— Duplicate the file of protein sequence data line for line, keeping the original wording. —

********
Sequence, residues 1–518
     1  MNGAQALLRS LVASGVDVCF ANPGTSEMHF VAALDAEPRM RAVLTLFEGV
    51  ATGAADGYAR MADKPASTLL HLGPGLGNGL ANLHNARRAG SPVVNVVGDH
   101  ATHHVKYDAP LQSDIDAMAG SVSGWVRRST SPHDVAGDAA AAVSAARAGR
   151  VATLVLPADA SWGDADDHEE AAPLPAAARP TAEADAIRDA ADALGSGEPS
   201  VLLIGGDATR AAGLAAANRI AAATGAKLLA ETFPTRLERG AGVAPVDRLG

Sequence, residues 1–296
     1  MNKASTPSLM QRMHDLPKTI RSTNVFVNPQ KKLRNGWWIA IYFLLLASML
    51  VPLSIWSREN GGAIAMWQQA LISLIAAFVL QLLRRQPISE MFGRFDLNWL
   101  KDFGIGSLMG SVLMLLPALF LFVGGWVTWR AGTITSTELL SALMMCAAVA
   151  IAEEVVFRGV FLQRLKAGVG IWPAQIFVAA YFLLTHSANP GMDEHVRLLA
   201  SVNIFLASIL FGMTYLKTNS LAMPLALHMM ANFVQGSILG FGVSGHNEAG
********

Sequence, residues 1–518
     1  MNGAQALLRS LVASGVDVCF ANPGTSEMHF VAALDAEPRM RAVLTLFEGV
    51  ATGAADGYAR MADKPASTLL HLGPGLGNGL ANLHNARRAG SPVVNVVGDH
   101  ATHHVKYDAP LQSDIDAMAG SVSGWVRRST SPHDVAGDAA AAVSAARAGR
   151  VATLVLPADA SWGDADDHEE AAPLPAAARP TAEADAIRDA ADALGSGEPS
   201  VLLIGGDATR AAGLAAANRI AAATGAKLLA ETFPTRLERG AGVAPVDRLG

Sequence, residues 1–296
     1  MNKASTPSLM QRMHDLPKTI RSTNVFVNPQ KKLRNGWWIA IYFLLLASML
    51  VPLSIWSREN GGAIAMWQQA LISLIAAFVL QLLRRQPISE MFGRFDLNWL
   101  KDFGIGSLMG SVLMLLPALF LFVGGWVTWR AGTITSTELL SALMMCAAVA
   151  IAEEVVFRGV FLQRLKAGVG IWPAQIFVAA YFLLTHSANP GMDEHVRLLA
   201  SVNIFLASIL FGMTYLKTNS LAMPLALHMM ANFVQGSILG FGVSGHNEAG